Thy Will Be Done

The Gospel and Holy Tradition are very clear on this subject: one can, and should, pray for all needs: physical, psychological, and spiritual.

But I confess I’m like you in this respect. I too have always found it difficult to ask God for something that’s not necessarily going to be ultimately good for a person, and physical health is obviously in this category. One of my former students, now an Orthodox priest, reminded me recently that I had once told him many years ago—when he was suffering from a migraine—that I hoped he got better as soon as he’d learned what he should! I try not to be quite so blunt anymore, or not at least with anyone but myself, but my philosophy on the subject has never changed.

It’s interesting you bring this up just now, given our reading for class tomorrow from Charles Williams (“The Practice of Substituted Love”, He Came Down From Heaven). As you’ll have noticed, Williams speaks of the “dangers” of prayer for the “old self” when it first enters upon the “new way”, and he says some pretty amusing (if frightening!) things about how the ego can manipulate prayer to its own advantage:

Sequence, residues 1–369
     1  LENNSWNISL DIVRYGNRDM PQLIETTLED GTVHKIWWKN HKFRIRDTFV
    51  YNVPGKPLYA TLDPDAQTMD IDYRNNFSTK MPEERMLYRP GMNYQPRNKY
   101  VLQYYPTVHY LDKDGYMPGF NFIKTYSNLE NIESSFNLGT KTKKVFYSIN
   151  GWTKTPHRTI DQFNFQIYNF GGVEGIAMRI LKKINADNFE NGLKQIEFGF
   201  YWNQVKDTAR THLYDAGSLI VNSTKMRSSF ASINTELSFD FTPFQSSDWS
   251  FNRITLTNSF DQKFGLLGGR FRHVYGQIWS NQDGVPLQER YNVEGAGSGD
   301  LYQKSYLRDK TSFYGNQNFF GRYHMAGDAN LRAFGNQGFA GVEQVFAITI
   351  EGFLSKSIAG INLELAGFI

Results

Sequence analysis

“It is with the intention of substituted love that all ‘intercessory’ prayer must be charged, and with care that there is no intention of emotional bullying. Even prayer for the conversion of others is apt to be more like prayer for their conversion to the interceder’s own point of view than to the kingdom.”

Williams goes so far as to claim that it’s even dangerous to pray, however right and proper it might otherwise seem, that a particularly evil malefactor (his example is Nero) not kill his mother (Agrippina). It’s better, claims Williams—”without particularizing”, that is, without telling God exactly what ought to happen—”intensely to recollect Nero and Agrippina ‘in the Lord'”.

This makes excellent sense to me, and my Williamsian solution to the “problem” of intercessory prayer is simply to ask Christ and His Mother to please bless and protect those (by name) whom I know to be suffering while I attempt to hold their specific forms of suffering briefly in mind. Thus, for instance, “Please bless and protect S.” (while thinking of the problem she’s been having with her eye).

This is what Williams has in mind, I believe, when he says that “it [can never] be dangerous to present all pains and distresses … with the utmost desire that Messias [Christ] may be … the complete reconciliation”. More simply put, “Thy will be done.”

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